We can not hold a torch to light another’s path without brightening our own.– Ben Sweetland
There are significant moments in everyone’s life where it isn’t until later you realize the mark they will leave on you.
My 13 years at Hospice Peterborough, as the first dedicated Grief and Bereavement Coordinator, were rich in such experiences. Hospice allowed me to live life meaningfully, fully and to embrace all of the emotions and experiences of the human condition.
While there are so many people who remain in my heart and memory, the ‘Fireside Chat’ group changed me forever. Within a three month span five couples came to Hospice – all mourning the recent death of a child. I didn’t go looking for this group, they found me.
It was clear what they needed was each other and so we formed the ’Fireside Chat’ group in the old Hospice library gathered around the fireplace. And so these people found each other, certainly not the way they wanted, but in a way that embraced a different beginning and found the strength to continue to make space for an absent child.
Over the years, the group grew with the help of an incredible volunteer, whose young son had died suddenly in an accident. She provided a beacon of hope, having a firsthand understanding of their anguish and their tears.
There were so many powerful moments that happened in that room, I can’t put into words the incredible life-changing impact each person had on me. Their courage and willingness to help each other was humbling. I’m grateful to the literally thousands of people who have enriched my life – each one is a gift.
As a small organization we were able to be nimble and innovative, because donors like you allowed us to support the greatest need – which remains just as true today.
Parents were helped to find ways to live again.
Grief is the struggle with the end – never seeing a person again, hearing their voice, and never getting the opportunity to experience those anticipated life milestones.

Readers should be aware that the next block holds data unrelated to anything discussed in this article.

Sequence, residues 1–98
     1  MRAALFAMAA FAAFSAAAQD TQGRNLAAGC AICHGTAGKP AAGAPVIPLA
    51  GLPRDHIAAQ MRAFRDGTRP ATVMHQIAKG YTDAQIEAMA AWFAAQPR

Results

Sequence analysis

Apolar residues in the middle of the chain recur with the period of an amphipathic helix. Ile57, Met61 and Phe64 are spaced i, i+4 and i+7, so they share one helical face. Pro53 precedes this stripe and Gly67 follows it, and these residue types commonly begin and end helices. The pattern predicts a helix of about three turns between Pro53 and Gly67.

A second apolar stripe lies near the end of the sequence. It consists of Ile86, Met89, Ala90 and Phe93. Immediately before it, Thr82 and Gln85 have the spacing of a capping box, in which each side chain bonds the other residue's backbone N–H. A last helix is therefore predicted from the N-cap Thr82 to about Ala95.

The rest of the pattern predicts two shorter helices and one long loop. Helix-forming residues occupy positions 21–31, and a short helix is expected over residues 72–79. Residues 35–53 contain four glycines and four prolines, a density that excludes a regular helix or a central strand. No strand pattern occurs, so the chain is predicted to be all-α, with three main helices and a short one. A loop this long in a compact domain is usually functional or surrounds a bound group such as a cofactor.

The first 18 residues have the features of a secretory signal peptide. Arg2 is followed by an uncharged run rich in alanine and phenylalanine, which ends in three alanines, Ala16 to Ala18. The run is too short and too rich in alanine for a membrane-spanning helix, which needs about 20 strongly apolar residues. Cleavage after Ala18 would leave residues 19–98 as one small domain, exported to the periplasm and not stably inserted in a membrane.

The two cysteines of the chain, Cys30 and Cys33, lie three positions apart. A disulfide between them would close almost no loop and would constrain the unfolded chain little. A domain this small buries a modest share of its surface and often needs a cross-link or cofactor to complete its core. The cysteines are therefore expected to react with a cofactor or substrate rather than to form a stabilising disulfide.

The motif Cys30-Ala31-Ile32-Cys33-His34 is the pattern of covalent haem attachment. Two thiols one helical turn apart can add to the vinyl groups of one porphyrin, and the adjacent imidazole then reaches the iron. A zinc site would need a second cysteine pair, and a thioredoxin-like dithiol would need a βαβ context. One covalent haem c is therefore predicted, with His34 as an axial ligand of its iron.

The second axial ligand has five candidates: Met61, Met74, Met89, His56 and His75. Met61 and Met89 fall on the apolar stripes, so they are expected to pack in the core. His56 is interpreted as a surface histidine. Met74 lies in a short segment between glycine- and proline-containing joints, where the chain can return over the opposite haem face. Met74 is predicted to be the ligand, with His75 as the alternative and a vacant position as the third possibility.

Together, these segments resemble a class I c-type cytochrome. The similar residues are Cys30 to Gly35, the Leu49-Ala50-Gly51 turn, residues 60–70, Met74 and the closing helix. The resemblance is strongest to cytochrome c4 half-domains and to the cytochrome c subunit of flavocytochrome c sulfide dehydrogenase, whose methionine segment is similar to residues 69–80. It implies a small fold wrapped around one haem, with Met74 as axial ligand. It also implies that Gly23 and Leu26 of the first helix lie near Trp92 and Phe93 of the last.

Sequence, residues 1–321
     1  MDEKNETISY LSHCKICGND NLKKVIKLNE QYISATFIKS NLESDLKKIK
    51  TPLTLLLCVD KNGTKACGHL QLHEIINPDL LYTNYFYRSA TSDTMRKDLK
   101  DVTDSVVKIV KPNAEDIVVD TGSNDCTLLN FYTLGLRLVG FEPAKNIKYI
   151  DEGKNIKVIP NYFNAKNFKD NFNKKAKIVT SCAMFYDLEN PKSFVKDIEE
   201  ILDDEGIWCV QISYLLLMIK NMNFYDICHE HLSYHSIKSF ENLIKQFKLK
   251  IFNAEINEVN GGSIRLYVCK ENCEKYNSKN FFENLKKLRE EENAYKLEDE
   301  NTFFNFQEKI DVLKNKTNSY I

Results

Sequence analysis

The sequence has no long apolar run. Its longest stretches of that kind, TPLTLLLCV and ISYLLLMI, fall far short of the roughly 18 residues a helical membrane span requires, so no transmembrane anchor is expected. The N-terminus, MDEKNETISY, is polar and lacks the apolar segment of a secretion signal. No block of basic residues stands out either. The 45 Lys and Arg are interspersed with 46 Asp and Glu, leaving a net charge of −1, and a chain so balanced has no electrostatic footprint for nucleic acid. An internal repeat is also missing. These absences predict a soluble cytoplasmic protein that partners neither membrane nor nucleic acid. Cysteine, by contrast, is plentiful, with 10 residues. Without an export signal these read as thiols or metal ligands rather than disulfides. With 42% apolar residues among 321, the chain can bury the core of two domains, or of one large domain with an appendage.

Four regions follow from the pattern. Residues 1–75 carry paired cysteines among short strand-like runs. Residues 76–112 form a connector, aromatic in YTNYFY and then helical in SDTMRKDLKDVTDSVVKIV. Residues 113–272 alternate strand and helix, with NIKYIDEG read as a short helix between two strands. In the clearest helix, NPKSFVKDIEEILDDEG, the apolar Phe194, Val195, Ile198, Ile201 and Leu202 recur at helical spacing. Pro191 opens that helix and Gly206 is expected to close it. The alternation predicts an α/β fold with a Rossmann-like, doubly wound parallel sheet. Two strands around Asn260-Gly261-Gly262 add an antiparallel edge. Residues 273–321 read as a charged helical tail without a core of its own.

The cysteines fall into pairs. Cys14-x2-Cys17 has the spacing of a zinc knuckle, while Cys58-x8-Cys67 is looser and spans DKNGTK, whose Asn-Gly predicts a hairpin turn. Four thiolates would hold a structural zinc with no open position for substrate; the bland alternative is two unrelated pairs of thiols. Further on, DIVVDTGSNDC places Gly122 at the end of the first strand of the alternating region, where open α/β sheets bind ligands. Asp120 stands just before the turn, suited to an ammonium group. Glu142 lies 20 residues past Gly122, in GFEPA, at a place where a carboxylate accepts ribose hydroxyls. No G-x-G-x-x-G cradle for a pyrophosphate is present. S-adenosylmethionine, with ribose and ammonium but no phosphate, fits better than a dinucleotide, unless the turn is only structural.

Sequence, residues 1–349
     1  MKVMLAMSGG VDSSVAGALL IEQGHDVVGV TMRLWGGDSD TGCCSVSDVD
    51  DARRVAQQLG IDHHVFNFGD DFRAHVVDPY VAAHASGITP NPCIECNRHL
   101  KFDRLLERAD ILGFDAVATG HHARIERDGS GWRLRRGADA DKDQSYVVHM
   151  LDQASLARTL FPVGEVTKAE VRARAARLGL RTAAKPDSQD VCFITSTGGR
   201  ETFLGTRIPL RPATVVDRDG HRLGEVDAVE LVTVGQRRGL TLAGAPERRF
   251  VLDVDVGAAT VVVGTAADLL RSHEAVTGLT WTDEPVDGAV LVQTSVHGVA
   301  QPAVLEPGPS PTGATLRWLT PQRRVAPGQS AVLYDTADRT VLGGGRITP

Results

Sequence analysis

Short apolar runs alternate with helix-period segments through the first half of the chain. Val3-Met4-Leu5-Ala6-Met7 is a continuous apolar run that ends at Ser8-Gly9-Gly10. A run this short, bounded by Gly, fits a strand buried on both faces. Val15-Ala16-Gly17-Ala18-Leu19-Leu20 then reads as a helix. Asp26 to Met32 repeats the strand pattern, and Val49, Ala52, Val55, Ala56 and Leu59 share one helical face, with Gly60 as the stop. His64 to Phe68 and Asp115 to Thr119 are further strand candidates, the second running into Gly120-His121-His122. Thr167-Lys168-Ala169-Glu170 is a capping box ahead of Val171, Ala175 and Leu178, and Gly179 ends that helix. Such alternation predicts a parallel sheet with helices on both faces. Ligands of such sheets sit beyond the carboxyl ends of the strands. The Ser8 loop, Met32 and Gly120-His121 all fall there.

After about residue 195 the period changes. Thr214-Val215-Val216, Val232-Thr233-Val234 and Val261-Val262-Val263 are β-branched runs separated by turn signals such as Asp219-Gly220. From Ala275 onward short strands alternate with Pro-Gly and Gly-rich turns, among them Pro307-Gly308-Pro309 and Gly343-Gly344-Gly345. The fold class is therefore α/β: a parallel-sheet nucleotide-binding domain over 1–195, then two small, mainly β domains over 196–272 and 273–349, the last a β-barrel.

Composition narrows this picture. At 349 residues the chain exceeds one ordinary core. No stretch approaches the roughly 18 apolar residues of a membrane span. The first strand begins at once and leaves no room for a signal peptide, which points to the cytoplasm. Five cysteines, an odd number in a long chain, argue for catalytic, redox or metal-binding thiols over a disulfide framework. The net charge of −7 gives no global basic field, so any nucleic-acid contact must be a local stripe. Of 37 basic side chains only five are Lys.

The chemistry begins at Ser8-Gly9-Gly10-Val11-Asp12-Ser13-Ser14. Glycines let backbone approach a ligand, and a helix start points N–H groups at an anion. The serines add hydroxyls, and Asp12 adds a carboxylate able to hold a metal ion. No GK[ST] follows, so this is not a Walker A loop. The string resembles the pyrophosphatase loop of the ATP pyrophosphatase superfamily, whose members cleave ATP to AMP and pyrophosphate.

It is also the painful adjustment to walk on this new journey, which doesn’t mean forgetting someone, or ending the love. It is closing the physical relationship, and finding new ways to remember and honour a loved one in a way which adds meaning and comfort in their physical absence.
One parent summed it up best “Hospice doesn’t have all the answers, but it does have the tools, so that we can do the work to find our way through”. This is the gift of Hospice Peterborough – to listen, embrace and hold the pain, when there are no answers.
Over the years it has been my privilege – honestly – to sit with people in their grief.
Every person deserves to be listened to, acknowledged and honoured.
Death has no regard for age and I am deeply troubled by the significant increase in younger deaths due to overdose, cancer and suicide – leaving families dealing with traumatic and complicated grief. While we cannot take away the pain and sadness, we can be there to provide support and hope through incredibly difficult times – with your help.
It’s not telling people what to do or feel but rather a shared wisdom – every emotion valid and deserving of compassion – without judgement.
In the last 3 years my work at Hospice shifted to another innovative role as a Supportive Care Counsellor for the Palliative Community Care Team. A new position to support individuals and their families after receiving a terminal diagnosis.
Over the years I have watched Hospice Peterborough grow exponentially, serving hundreds if not thousands of individuals dealing with life and death. In my last full year in this position Hospice served 923 adults and 135 children and teens in supporting them in their grief.
It truly is your community hospice. While staff play a role it is donors, volunteers and our community who made this building possible and support this privileged work.
As a donor myself, I ask you to make your donation today to support individuals and their families who will seek help from Hospice Peterborough in the coming year.
All the best to you and yours,
P.S. I haven’t completely retired from Hospice work, together with palliative and bereavement health care professionals Julie Brown, and Red Keating, we launched a podcast ‘What Now? On the threshold of life, death and grief.’ I invite you to listen to our free podcasts where we share our knowledge and experiences. Each episode is a conversation meant to enlighten and demystify the often difficult and emotional experiences of dying, death and bereavement.